Quickly: I like the game. It's like an unpolished gem.
In more detail, it goes something like this:
UI: I give it a B+. Overall framework with control icons on the top and right side of the screen work well. So do the pop up mini-boxes on the left side of the screen. UI however doesn't take advantage of Crtl + mouse key combinations and thus sometimes winds up requiring more mouse clicks to accomplish a task than is necessary. Screen scrolling sometimes gets bugged. I am not referring here to the screen rolling to the right when you move your mouse to the right side screen icons. I am referring to the screen sometimes refusing to scroll down at all when you are in windowed mode. Other times in windowed mode, the screen will lock into a scroll right mode, requiring a game shut down. Why play in windowed mode? Because the the game can take awhile to process the AI's moves, and the game does behave well in multi-tasking mode with other apps.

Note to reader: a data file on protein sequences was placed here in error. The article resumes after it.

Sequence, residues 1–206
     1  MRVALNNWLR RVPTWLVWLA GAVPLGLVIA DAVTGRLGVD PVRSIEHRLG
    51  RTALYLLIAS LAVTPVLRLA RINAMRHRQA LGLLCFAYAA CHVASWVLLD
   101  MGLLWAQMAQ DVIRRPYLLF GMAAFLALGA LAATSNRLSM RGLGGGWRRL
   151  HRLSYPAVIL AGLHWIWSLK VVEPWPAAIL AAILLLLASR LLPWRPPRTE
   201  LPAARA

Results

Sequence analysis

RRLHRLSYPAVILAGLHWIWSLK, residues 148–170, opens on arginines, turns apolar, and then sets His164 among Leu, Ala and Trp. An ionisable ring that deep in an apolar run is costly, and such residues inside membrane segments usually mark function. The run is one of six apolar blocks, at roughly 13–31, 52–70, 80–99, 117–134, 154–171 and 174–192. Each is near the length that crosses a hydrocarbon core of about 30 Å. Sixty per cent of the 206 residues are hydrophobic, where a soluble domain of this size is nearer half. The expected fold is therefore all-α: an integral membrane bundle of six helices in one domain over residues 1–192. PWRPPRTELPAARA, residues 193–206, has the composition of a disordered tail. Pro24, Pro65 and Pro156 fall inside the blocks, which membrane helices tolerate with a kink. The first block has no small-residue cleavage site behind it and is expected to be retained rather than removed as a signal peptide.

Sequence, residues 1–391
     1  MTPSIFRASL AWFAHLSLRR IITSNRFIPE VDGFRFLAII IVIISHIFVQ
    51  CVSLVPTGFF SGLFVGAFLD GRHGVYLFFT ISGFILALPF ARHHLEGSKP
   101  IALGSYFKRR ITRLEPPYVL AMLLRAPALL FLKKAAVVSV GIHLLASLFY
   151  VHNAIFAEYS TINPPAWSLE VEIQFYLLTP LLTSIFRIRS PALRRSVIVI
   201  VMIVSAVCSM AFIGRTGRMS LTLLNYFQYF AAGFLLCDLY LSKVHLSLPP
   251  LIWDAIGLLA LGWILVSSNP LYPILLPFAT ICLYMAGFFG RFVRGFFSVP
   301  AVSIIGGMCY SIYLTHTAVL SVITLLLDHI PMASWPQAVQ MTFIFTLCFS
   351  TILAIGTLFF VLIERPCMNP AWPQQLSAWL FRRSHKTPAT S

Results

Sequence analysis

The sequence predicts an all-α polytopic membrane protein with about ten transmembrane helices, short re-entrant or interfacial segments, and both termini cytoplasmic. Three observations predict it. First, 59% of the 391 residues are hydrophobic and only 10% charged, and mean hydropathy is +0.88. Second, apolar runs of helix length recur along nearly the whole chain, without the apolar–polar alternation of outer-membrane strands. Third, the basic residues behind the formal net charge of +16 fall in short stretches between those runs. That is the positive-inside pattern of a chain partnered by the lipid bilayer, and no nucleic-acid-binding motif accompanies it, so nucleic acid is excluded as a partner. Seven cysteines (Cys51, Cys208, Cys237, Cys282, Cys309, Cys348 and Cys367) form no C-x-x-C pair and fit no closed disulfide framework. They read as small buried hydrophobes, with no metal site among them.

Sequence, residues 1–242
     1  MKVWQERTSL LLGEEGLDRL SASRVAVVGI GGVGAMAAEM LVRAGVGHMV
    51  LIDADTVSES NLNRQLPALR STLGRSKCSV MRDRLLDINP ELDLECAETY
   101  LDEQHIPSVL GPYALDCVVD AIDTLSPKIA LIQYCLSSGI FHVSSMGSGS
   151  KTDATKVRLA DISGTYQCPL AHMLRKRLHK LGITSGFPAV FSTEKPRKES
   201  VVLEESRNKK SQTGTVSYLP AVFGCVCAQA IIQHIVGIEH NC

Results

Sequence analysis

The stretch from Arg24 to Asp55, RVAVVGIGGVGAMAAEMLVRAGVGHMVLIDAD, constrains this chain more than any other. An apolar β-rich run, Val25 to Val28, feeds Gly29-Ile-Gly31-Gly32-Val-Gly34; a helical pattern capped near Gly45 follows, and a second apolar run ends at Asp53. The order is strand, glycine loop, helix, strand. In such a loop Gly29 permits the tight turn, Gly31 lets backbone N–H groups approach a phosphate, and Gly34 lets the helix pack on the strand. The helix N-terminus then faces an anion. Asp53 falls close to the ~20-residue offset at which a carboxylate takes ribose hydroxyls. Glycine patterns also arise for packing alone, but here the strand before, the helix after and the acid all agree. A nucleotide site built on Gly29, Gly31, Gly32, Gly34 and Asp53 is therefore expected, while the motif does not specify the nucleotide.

Physical attractiveness: I give it a B+. Good variety of map icon skins and unit skins. You won't mistake this game for Battlefield 3's graphics, but for a hex based wargame, it's good and it's functional. In particular, map distortion in the northern climes is held in check for the most part.